• Operating at the national level are groups such as Michelle Rhee’s Students First. Rhee is best known as the former Chancellor of the D.C. school district where she publicly fired a principal on film as part of her massive school closure effort there. She became well known for supposedly increasing student test scores, but there are now serious questions of large-scale cheating (by adults). Students First promotes her privatization agenda of charters and vouchers as well as merit pay and teacher evaluation systems based on high-stakes-testing. The Walton Family Foundation just gave the organization $8 million. [Washington Post, 5-1-13] At the same time, Rhee has been caught inflating the number of members in her organization to make it appear that it has a much broader base of support by using deceptive petitions (for un-objectionable issues such as anti-bullying) on the progressive change.org site to capture the names of unsuspecting new “members.” [DianeRavitch, 8-3-12]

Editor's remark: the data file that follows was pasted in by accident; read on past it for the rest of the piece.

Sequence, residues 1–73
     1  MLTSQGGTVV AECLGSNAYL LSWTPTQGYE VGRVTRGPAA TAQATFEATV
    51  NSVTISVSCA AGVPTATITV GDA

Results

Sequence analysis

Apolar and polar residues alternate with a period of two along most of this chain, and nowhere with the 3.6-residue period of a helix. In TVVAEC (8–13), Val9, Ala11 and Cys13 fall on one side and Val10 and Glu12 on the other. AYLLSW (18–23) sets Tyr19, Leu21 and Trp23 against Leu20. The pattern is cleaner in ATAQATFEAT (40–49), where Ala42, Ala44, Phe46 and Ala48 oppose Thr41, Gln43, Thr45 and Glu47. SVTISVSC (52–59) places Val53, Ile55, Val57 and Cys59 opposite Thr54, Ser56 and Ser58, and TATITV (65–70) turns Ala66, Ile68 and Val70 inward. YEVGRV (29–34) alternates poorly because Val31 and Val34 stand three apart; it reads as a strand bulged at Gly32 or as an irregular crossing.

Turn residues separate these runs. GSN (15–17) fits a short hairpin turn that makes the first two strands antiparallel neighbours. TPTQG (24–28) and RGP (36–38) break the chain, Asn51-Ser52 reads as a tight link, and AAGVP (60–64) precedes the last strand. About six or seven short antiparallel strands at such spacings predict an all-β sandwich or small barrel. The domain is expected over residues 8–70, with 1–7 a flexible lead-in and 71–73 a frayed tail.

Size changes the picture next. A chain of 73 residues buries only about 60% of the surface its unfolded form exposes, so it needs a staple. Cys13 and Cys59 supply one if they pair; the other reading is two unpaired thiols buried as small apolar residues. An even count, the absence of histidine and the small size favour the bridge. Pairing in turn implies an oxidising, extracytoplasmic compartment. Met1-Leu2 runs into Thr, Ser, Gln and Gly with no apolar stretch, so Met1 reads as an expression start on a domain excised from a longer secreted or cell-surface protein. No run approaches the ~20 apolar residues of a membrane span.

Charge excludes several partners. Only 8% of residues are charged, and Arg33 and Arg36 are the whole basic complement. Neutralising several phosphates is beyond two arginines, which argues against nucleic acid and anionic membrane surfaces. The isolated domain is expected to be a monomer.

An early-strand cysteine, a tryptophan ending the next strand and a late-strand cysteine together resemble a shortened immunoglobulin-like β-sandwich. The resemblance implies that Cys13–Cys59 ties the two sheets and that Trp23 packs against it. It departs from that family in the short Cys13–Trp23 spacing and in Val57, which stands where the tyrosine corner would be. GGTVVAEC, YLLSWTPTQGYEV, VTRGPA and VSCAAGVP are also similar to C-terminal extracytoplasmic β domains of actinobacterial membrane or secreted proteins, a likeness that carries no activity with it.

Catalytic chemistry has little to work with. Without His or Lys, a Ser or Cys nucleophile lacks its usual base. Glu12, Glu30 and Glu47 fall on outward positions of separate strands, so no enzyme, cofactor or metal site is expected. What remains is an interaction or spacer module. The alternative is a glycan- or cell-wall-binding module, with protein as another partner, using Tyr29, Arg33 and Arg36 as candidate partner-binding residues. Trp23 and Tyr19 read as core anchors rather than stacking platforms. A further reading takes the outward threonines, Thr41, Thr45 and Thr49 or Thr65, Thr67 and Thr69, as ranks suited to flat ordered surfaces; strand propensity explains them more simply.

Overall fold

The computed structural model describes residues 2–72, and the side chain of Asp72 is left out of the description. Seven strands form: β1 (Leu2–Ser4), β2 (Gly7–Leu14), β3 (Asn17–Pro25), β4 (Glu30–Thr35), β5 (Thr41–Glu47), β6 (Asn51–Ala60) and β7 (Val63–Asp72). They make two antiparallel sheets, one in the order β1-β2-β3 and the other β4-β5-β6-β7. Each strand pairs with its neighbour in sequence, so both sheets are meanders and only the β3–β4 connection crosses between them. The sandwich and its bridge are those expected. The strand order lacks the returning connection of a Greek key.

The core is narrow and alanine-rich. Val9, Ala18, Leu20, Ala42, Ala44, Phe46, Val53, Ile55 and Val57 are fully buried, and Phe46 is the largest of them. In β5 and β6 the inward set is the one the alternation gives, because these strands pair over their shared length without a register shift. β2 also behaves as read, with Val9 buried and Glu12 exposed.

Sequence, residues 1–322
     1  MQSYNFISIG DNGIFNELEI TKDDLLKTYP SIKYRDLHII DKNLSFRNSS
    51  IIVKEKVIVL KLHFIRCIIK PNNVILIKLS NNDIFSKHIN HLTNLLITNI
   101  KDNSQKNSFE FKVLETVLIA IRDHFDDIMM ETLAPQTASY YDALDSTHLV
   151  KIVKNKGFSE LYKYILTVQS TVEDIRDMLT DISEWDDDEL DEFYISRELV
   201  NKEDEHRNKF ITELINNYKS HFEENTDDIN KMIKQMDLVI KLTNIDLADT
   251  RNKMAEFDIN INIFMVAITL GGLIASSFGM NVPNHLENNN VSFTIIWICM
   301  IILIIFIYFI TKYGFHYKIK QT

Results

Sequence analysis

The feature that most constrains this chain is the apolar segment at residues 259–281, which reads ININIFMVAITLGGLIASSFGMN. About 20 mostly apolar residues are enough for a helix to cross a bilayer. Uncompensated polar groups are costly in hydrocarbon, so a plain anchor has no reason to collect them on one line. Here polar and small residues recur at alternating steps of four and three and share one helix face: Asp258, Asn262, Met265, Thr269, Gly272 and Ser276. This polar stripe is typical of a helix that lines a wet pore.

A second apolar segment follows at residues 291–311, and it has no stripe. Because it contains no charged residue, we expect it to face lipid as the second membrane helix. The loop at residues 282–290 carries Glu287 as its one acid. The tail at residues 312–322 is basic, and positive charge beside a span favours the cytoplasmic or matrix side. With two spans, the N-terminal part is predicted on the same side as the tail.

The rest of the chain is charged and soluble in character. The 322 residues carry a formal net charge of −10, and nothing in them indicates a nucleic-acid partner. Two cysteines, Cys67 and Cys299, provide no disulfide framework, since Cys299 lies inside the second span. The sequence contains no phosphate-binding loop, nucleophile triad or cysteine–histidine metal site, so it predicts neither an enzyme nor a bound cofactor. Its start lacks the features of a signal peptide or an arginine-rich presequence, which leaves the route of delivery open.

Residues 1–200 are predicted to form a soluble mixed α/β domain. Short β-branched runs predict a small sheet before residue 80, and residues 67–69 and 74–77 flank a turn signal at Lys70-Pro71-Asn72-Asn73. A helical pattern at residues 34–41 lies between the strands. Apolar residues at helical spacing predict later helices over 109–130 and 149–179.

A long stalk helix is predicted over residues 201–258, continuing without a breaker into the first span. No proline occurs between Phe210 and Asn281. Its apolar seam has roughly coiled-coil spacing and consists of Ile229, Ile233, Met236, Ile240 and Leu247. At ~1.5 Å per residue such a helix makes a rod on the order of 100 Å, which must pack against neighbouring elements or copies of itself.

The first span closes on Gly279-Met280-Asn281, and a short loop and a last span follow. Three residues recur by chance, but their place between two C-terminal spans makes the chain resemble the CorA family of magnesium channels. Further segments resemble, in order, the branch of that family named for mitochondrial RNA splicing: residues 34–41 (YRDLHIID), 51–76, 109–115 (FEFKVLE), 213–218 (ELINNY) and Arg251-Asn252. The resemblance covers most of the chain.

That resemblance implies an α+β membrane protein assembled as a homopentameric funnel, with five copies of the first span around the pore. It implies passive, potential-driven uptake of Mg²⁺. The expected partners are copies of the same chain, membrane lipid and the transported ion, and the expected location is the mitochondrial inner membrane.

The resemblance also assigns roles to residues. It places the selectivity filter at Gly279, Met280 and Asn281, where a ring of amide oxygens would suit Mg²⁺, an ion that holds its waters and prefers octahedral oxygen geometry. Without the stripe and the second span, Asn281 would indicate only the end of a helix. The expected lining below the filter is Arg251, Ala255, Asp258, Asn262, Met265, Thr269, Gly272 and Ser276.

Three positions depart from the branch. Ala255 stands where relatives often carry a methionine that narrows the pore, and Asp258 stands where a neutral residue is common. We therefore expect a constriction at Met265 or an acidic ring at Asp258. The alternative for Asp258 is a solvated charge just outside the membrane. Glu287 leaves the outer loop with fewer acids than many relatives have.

• Parent Revolution practically wrote the book on how to create an astroturf organization. Founded in California by a charter school operator – with major backing from Gates, Broad, and Walton – the group got a “parent trigger law” passed and then hired agents to convince two towns to turn their schools over to the them. But many parents later said they had been purposefully misled and filed lawsuits to try to stop the conversion of their schools to charters. [See “Won’t Be Silent”]
  • Closer to home, we learned just last week that the Gates Foundation is backing a new astroturf group here in Pittsburgh. Called Shepherding the Next Generation, the Washington D.C. based organization has been trying to recruit churches – especially in our African American communities – to preach the Gates agenda of teacher evaluation. [See “Astroturf”] Having one of the wealthiest people on the planet funding outside organizations like this to come into a community and shift the public conversation seriously erodes democracy. This is not about promoting an authentic community dialogue, but about promoting a specific ideology of school reform.

5.  Corporations
Perhaps not surprising, corporations control some of the big money at stake in corporate-style education reform. Here are a few to keep your eye on.